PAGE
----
Gorran-PUK Deal Aftermath
Any political deal and reconciliation in Kurdistan will raise as many doubts as much as it reduces problems. So every deal does not necessarily lead to victory, and every dispute does not always lead to surrender and backward progress.
The Gorran-PUK deal seems to be more likely a self-imposed constitution draft than a bilateral political agreement, intending to hide their own distortion. I think the deal will lessen the chaos, division and falsifications, but it raises another issue that is the cause of others’ concerns and fears. The PUK and Gorran share one history, ideology, and geography. They took this step to disrupt the political balance in the Kurdistan Region Parliament before June 23rd and the result has made a situation that no far-sighted politician would hope for.
The deal had been made to form a parliamentary majority, which has already been tried and failed, as a return to show off the power of majority rather than balance, consensus and mutual work among parties. It means leaving behind the principles of a joint national government. Thus, if the two parties’ deal attempts to solve their problems throughout this kind of imposed political situation, it will deepen the external issues, which may be the main goals of the deal itself.
Prior to that, the four parties have tested their problems. These two parties also have held many bilateral meetings so that they can work on a common parliamentary work to limit the power and position of KDP and work on the Kurdistan Presidency issue. Gorran and PUK claim they made the deal in the “inter- est of people and reforming the governing system in Kurdistan, people’s financial situation and reforms.” The question is that why did they throw aside solving the problems, reforms, combating corruption, respecting will of people in Sulaimani before that step? The question is that, will they be able to achieve that ideal in the time of unification, turning a blind eye on each other’s members and leader, the work that they couldn’t do in the time of distrust, mutual accusations and standing against one another? We know that the parties always make deals that leave problems unsolved, neglecting the legal violations, keeping silent on the offences, not the practical solution of the problems. Deals are made during the times of weakness, not times of success. Deals are made for limiting the opponents—the will of the people is the last thing concerned about in these kinds of actions.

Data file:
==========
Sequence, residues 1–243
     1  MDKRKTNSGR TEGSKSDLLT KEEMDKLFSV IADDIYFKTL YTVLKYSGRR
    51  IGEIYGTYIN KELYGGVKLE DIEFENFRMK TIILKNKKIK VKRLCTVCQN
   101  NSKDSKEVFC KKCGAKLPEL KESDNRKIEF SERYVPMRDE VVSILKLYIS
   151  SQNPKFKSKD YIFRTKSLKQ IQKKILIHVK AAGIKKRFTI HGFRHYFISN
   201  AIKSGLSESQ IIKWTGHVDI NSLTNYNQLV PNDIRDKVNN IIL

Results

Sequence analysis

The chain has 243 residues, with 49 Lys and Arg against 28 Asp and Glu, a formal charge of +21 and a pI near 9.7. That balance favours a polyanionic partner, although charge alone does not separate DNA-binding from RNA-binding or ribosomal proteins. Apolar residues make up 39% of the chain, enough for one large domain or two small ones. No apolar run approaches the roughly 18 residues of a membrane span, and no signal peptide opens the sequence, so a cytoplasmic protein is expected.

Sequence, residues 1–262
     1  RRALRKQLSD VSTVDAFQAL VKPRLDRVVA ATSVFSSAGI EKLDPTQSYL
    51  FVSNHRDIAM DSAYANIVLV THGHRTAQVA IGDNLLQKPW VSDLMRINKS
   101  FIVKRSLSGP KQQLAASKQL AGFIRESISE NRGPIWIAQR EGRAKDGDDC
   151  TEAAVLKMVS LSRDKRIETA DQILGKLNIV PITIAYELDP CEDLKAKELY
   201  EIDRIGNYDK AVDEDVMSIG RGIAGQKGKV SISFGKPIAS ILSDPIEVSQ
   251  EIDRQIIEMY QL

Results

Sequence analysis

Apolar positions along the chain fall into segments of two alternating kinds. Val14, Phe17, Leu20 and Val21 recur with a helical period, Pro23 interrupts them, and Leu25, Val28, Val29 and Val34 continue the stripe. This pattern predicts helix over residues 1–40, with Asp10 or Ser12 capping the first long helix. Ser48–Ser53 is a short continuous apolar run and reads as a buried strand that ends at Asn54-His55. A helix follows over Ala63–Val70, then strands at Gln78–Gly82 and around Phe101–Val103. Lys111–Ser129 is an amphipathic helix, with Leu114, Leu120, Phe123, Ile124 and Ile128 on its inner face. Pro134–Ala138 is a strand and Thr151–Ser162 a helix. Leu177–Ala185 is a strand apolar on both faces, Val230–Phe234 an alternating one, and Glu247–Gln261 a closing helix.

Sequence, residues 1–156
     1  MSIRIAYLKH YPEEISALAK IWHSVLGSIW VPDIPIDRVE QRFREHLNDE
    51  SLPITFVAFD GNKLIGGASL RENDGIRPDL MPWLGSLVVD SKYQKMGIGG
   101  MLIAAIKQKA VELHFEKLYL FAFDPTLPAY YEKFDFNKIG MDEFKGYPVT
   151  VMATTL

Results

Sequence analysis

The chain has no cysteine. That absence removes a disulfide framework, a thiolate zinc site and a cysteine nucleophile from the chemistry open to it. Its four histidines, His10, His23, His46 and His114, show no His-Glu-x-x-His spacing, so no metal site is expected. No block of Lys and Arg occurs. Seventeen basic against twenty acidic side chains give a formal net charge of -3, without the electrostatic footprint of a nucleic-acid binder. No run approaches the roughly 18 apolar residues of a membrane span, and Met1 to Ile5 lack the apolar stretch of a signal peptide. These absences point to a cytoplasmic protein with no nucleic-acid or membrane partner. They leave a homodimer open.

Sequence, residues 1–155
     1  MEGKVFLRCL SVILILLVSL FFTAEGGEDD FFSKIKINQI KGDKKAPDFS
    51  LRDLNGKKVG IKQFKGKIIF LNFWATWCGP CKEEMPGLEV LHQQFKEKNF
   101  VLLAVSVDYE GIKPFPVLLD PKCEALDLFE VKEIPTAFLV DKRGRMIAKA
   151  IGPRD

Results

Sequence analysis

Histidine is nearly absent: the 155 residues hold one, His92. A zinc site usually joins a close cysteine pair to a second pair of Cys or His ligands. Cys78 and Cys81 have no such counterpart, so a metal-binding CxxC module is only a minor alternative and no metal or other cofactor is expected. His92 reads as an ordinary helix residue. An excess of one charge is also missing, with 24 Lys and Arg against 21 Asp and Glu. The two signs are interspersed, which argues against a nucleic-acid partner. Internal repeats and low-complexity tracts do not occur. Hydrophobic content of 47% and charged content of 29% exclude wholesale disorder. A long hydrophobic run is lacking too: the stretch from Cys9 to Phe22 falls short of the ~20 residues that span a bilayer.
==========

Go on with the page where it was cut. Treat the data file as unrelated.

I think the deal will lead to anesthetization of the disagreements in Sulaimani instead of providing a solution to the crises. Have they thought what it means to marginalize or oust the KDP in any political process in Kurdistan Region? Have they thought that the problems that are not solved with inclusive agreement and common work from all the parties will be considered a local or bilateral deal? I think that they haven’t. The deal demonstrates two goals: hiding Gorran’s failure in changing PUK (turning it into Gorran), and trying to extend the packages from last year’s events of the Kurdistan Region Parliament, which has already failed.